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2015 Was a Year Filled with Learning


“Learn what is true in order to do what is right.” – Thomas Huxley, 18th Century English Scientist

Agronomists and producers have always known crop production practices impact success. For example, compaction diminishes yield, but exactly how many bushels does it steal? Higher plant population can produce greater yields, but at what point does the soil’s production capacity become a limiting factor? Which areas of a field benefit from high population and which areas will never produce more than an adequate yield? Where can I plant a high yield hybrid and where should I rely on a proven work horse?

Arial Crop Analysis

Today, with the use of precision farming tools, the agronomy team at Southern States® is working with producers to identify and quantify the effects of practices such as these. By asking questions, then combining various tools to collect data, we get a true understanding of each field. From there, we can offer the right answers to help move yields to the next level as well as solve in-season issues before they limit yields.

In 2015, production challenges were wide ranging and surprises were uncovered even within fields considered to be consistent and extremely well managed.

Within one field, soils classified as the same exhibit variability

Even a “dream” field can have variations that limit crop yields. One such field, classified through traditional soil maps and conventional soil sampling as 90 percent or more the same soil type, in fact, was not. Visual examination identified a rockier soil structure from one side of the field to the other. Geo-referenced soil samples were collected on a systematic 2.5-acre area rather than through random sampling. We discovered soil pH varied across the field from 6.3 to as low as 5.8. Because low pH restricts plant uptake of nutrients, yields would have been limited. Prescription application of lime in the correct amounts needed to move soil pH into the favorable 6.0 to 7.0 range was a simple solution to the problem, and costs were contained by managing over application of fertilizer.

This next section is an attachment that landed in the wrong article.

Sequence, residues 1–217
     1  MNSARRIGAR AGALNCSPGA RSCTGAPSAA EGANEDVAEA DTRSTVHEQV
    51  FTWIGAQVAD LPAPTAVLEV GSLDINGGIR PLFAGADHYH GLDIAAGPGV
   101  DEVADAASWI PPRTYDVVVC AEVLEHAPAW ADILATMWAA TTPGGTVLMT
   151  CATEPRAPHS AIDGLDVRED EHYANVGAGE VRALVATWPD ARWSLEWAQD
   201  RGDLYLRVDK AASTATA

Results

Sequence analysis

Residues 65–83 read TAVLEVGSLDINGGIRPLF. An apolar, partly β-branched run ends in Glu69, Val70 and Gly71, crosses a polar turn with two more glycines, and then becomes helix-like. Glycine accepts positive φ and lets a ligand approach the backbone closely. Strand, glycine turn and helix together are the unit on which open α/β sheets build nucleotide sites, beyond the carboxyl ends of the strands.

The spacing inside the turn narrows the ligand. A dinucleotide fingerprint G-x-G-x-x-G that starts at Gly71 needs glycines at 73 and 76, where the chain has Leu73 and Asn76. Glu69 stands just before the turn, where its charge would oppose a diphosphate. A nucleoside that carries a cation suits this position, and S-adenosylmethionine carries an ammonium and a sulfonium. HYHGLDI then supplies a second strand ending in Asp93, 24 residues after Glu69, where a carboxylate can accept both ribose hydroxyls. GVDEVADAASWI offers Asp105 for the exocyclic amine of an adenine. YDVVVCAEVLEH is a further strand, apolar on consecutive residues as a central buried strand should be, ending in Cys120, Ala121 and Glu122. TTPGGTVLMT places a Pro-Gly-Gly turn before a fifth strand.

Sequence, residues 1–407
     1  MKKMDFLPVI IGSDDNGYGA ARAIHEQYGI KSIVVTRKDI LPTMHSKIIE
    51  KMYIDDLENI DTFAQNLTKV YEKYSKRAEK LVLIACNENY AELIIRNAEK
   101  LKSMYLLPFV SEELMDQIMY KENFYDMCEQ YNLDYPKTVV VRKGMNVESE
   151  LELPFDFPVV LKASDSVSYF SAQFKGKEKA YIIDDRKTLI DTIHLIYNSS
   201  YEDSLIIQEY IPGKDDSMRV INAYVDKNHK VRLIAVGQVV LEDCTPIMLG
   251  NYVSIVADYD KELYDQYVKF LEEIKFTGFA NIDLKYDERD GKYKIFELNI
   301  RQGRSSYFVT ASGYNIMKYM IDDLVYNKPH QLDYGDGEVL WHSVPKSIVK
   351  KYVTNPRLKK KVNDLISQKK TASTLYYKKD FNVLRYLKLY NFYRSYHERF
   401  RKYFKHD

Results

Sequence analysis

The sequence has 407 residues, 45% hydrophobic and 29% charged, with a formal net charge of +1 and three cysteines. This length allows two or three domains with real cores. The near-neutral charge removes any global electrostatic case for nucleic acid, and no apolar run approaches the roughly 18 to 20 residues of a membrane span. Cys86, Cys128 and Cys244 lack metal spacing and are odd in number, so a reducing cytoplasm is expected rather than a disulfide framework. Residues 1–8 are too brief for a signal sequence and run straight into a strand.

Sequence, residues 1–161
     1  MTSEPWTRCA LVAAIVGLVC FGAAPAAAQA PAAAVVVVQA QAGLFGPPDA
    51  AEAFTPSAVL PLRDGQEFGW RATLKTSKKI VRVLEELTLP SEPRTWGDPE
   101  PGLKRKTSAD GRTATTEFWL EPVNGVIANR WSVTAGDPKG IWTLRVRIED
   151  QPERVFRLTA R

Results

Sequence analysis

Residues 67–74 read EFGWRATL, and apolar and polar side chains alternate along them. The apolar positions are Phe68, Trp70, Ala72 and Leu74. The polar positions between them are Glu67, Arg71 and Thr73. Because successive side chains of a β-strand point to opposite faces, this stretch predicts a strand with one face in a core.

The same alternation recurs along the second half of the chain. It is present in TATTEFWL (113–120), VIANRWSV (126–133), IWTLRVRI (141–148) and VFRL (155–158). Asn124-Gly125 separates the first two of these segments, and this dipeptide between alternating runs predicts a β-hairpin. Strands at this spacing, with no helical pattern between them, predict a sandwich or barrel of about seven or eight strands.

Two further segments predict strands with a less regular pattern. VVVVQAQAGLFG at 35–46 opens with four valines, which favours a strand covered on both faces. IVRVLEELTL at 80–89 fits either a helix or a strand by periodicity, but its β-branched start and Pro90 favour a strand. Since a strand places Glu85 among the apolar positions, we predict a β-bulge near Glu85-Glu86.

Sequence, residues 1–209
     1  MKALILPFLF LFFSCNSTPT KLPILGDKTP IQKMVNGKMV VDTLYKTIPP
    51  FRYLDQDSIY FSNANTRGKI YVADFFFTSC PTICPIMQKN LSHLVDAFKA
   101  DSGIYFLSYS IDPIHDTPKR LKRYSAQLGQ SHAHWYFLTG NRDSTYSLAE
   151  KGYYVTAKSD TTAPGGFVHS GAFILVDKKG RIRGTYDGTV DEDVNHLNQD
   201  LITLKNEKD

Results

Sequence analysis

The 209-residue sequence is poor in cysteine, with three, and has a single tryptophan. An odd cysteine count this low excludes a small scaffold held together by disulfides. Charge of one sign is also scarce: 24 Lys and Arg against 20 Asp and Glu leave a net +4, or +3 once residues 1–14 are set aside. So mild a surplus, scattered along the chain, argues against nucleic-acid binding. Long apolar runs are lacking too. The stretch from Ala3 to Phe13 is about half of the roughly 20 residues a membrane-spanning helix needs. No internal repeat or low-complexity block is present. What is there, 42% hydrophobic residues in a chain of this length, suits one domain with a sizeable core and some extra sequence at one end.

A look down deep identifies compaction hidden by plentiful rain

The use of cover crops is an effective way to enhance soil structure, preserve soil moisture and manage soil erosion. However, simple use of a compaction meter on one well-managed field uncovered a problem hidden by timely, plentiful rain received this year. Cover crops did their job to eliminate compaction in the top 6 inches of soil, but the next 6 to 12 inches showed some compaction. At 18 inches, soil structure became so tight, root growth would have been stopped. Without timely rains in 2015, yields would have been limited. In conjunction with cover crops, tillage will be needed to break through the hard pan and get the soil structure back where it needs to be for optimal production in the future.

Imagery delivers in-season view across an entire field and early warning signs

Aerial and satellite imagery identify potential problem areas that need scouted, so issues can be identified. The imagery is a “road map” that leads the crop scout directly to the area so the problem can be identified, whether it be soil compaction, irrigation problems, drainage issues, pest damage, application skips or nutrient deficiency.

Imagery also can validate your decisions about pesticide applications, nozzle packages or variable-applied products such as growth regulators or plant populations.

Learn more on your farm

Precision tools offer more ways to learn about your farm in the quest to optimize production. Let’s visit about what you can learn about your fields using precision farming tools plus expert guidance from our Precision Farming professionals.

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